Thursday, September 4, 2014

It appears I'm not the only person with a dying problem! I found this solution on a podcaster's blog and want to remember it for future use! (Family, In the future I'll do this on all socks you get before they are sent to you!)

Fixing/Re-fixing dye:

The following is good for 4-6 oz of wool (so, a pair of socks, and then some):

Step 1: Take 1 tsp of Citric Acid. You can buy it at Whole Foods, but the link I posted is a much better value. (For MCN, use 3/4 tsp).  Dissolve it in steaming/hot water. Then, dilute it in about 3-4 cups of tepid water.

Step 2: Let the yarn soak for 10 mins or so and then wring out and "jelly roll" (wrap in plastic wrap), and microwave it for 2 mins on high. If the yarn is discharging dye into the water (turning it a color), follow the following additional steps:

  • Step 2a: Squeeze out excess water. Soak in SOAK wool wash in cool water for 15 mins. Squeeze out excess water. (Water will be very pink. Breathe. It will work out.)
  • Step 2b: Repeat the dyefix instructions in Step 1, *except* do 1/2 tsp Citric Acid instead of a full tsp.
  • Step 2c: "Jelly Roll" (wrap in plastic wrap), and microwave it for 2 mins on high.
  • NOTE: For non-superwash yarns you would want to space out the heat via the microwave. (By that I mean, 1 minutes on heat, 1 minute off, etc. ). You can easily felt your yarn/fiber in a jelly roll format if you have the heat & steam get too high.
  • CAUTION: If you microwave for too long on high, you can fuse the plastic saran wrap to the nylon content in yarn. (You want to be aware of the microwave you're using as well as how high the heat is and the length of time it is in the microwave.)

Step 3: Allow to dry.

Tuesday, September 2, 2014

A lesson learned!

Recently I got the idea to dye some Christmas sock yarn. I decided to dye the yarn in the sun using food coloring:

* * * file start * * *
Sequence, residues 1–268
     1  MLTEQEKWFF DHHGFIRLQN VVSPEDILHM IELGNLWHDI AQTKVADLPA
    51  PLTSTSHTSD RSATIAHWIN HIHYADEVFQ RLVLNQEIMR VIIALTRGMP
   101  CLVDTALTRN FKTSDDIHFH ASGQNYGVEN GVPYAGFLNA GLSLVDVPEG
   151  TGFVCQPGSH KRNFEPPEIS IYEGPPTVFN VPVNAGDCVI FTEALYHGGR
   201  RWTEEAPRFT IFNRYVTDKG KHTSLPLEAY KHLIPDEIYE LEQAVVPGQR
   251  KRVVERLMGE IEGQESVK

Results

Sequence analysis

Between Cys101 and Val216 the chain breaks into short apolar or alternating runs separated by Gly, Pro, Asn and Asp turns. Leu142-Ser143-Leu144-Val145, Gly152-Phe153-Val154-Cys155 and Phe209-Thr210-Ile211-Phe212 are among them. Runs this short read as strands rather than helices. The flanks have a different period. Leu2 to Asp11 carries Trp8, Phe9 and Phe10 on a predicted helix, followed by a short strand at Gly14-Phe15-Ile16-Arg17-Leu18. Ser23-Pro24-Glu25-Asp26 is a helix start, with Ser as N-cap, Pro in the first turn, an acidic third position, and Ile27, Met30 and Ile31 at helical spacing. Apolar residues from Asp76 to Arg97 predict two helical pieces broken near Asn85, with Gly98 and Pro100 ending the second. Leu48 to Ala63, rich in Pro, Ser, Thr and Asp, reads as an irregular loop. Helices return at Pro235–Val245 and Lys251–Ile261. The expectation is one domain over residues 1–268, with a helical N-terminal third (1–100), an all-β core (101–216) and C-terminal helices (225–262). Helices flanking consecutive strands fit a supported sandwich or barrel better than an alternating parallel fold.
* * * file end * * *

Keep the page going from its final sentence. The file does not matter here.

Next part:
The yarn was approximately divided into thirds and placed in Christmas red and green water laced with citric acid. In hindsight I did not allow the sun "do it's thing". Which is why I'm now writing this post!

When the water became clear I quickly rinsed the yarn and hung it to dry. When I began knitting them they became a perfect pair of Christmas Ribbon Candy Socks!
There was some leftover yarn so I knit a pair for one of the boys:
Then giving the socks the finishing touch, I began blocking them........Oh, no! My ribbon candy socks began melting all over! What had been a beautiful pair of Christmas socks became a pink mess:
I put them away not really knowing how I was going to remedy this tragic disaster.  Then one day not long ago, I was listening to a podcast when light bulb went on! I hadn't had enough heat on the original socks! So yesterday I put a pot of water on the stove, added citric acid, royal blue food coloring, placed the ruined socks in the heated water, and simmered them for twenty minutes. After letting them cool and rinsing the socks THOROUGHLY I'm happy to show the results:
This new color has changed the red to burgundy and darkened the Christmas green to a forest green and produced a perfectly useful pair of socks!